SpaceX's Dragon reentry and splashdown with Ax-2 astronauts looks amazing in these nighttime photos and videos

SpaceX's Dragon capsule Freedom splashed down off the Florida coast late Tuesday night (May 30), wrapping up the Ax-2 private astronaut mission.

Freedom's return to Earth was quite a sight, as footage posted on Twitter shows. For example, Stephanie Ivison shared a video of the capsule carving a bright orange slice into the skies above Oklahoma as it headed toward the Gulf of Mexico.

"Just streaked across the sky in Tulsa at about 9:55pm. Looks like something re-entering the atmosphere. Pretty neat!" Ivison wrote.

Related: Private Ax-2 astronauts get warm welcome on space station (video)
Read more: Ax-2 spaceflight with SpaceX: Updates

The Ax-2 SpaceX Dragon Freedom floats near a recovery ship shortly after splashing down in the Gulf of Mexico on May 30, 2023. (Image credit: SpaceX via Twitter)

Twitter user TJ posted a short video as well, one that captured Freedom much closer to its splashdown site — and therefore much closer to the ground.

Freedom hit the water right on schedule, splashing down in the Gulf off Panama City, Florida, at 11:04 p.m. EDT (0304 GMT on May 31). The capsule was then met by a recovery ship and hauled onto it for the trip back to shore.

SpaceX documented this process and shared it with us, posting three photos on Twitter about 45 minutes after splashdown.

One of the shots — the main photo for this story, featured above — shows Freedom floating near its ride home, whose deck is outfitted with a striking array of green and red lights.

Recovery crews get the Ax-2 SpaceX Dragon capsule Freedom ready for transfer to a recovery ship shortly after its splashdown in the Gulf of Mexico on May 30, 2023. (Image credit: SpaceX via Twitter)

Another shot depicts recovery personnel tending to the capsule from a smaller craft, which presumably launched from the large recovery ship. 

The third shows Freedom — its once bright-white exterior now sporting a "toasted marshmallow" look from the heat of atmospheric reentry — safely aboard that ship.

The Ax-2 SpaceX Dragon capsule Freedom rests on a recovery ship shortly after its splashdown in the Gulf of Mexico on May 30, 2023. (Image credit: SpaceX via Twitter)

Ax-2 launched on May 21, carrying four people to the International Space Station (ISS). As its name suggests, Ax-2 is the second mission to the orbiting lab carried out by Houston-based company Axiom Space, after the pioneering Ax-1 flight in April 2022.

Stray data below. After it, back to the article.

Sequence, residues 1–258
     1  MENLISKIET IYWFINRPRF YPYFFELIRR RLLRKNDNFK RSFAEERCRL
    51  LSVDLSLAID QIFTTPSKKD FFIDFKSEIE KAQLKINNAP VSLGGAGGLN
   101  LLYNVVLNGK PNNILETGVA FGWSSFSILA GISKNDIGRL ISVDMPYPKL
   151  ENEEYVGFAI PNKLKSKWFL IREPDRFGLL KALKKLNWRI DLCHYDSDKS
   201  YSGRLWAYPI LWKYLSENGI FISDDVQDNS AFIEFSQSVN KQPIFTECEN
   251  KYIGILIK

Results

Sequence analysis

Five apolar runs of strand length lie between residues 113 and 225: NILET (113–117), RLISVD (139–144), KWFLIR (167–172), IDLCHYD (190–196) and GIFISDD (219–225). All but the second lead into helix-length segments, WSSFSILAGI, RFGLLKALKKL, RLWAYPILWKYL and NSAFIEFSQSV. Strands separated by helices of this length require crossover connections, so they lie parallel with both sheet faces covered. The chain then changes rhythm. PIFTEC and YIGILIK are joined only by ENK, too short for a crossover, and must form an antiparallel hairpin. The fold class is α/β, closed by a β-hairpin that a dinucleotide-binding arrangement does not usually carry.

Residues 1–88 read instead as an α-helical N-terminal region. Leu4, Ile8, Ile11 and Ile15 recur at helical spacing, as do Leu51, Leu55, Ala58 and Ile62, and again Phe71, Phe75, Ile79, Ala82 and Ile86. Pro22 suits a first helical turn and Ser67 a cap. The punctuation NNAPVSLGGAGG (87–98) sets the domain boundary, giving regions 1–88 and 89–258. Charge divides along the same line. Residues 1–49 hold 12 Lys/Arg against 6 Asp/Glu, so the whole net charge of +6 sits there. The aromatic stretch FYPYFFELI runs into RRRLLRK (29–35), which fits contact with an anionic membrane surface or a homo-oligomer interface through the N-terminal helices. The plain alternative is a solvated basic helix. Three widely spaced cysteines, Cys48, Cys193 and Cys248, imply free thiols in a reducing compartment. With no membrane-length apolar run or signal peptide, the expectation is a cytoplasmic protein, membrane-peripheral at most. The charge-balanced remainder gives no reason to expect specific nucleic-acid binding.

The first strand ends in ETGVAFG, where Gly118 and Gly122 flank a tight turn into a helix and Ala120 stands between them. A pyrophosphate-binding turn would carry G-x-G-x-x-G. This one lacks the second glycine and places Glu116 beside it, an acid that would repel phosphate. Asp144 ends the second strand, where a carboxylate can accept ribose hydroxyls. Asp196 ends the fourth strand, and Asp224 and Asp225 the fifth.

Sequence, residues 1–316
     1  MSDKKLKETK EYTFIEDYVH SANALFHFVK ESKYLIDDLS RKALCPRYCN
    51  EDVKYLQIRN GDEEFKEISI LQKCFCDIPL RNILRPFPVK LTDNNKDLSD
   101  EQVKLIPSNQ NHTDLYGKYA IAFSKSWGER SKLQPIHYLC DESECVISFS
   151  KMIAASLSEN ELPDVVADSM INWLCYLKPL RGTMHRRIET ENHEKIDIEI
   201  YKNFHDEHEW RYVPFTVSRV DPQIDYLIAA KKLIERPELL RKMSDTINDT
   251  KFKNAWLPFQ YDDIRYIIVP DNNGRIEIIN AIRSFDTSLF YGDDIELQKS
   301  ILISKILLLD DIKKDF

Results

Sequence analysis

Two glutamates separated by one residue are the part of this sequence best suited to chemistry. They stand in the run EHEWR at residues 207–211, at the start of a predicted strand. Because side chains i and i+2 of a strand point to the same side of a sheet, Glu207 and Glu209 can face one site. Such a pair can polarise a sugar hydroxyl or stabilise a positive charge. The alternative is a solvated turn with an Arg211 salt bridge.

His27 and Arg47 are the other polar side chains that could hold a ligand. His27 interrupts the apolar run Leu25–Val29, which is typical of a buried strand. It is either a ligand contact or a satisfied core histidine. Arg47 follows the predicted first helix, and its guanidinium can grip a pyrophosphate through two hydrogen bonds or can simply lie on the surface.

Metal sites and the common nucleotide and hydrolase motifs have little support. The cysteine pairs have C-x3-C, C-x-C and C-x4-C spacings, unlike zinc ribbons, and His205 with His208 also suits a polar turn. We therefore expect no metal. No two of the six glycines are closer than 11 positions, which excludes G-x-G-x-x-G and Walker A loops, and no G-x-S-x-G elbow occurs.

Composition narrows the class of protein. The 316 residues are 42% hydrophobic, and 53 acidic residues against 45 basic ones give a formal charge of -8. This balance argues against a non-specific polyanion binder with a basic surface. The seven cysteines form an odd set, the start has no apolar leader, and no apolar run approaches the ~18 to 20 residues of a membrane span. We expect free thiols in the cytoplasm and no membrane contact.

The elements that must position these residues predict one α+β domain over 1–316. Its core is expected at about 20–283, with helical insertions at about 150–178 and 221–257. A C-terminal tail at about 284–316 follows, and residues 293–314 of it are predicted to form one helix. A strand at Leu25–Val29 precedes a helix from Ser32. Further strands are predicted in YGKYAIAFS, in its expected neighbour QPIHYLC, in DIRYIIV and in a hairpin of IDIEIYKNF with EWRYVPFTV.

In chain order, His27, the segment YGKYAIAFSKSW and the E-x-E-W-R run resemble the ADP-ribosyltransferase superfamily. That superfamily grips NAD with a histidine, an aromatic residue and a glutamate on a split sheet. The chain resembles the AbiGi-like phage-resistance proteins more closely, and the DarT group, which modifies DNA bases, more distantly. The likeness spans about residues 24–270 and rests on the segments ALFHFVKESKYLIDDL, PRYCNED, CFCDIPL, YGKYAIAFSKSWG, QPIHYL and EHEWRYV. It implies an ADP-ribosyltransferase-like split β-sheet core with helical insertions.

Ax-2 was commanded by former NASA astronaut Peggy Whitson, who is now director of human spaceflight at Axiom. The other three crewmembers were paying customer John Shoffner, Ali AlQarni and Rayyanah Barnawi.

AlQarni and Barnawi are members of Saudi Arabia's first astronaut class. They became the first Saudis ever to visit the ISS, and Ax-2 made Barnawi the first woman from the kingdom to reach the final frontier.

SpaceX will send two more Dragons to the orbiting lab soon, if all goes according to plan.

The company plans to launch a robotic cargo mission to the ISS on Saturday (June 3). And SpaceX's Crew-7 mission, which will send four astronauts to the orbiting lab for NASA, is scheduled to fly on the Crew Dragon Endurance in August. 

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Mike Wall
Senior Space Writer

Michael Wall is a Senior Space Writer with and joined the team in 2010. He primarily covers exoplanets, spaceflight and military space, but has been known to dabble in the space art beat. His book about the search for alien life, "Out There," was published on Nov. 13, 2018. Before becoming a science writer, Michael worked as a herpetologist and wildlife biologist. He has a Ph.D. in evolutionary biology from the University of Sydney, Australia, a bachelor's degree from the University of Arizona, and a graduate certificate in science writing from the University of California, Santa Cruz. To find out what his latest project is, you can follow Michael on Twitter.

  • TomMariner
    When are we going to stop this splashdown nonsense and have the Dragon land at a gate at LAX and the crew take taxis home?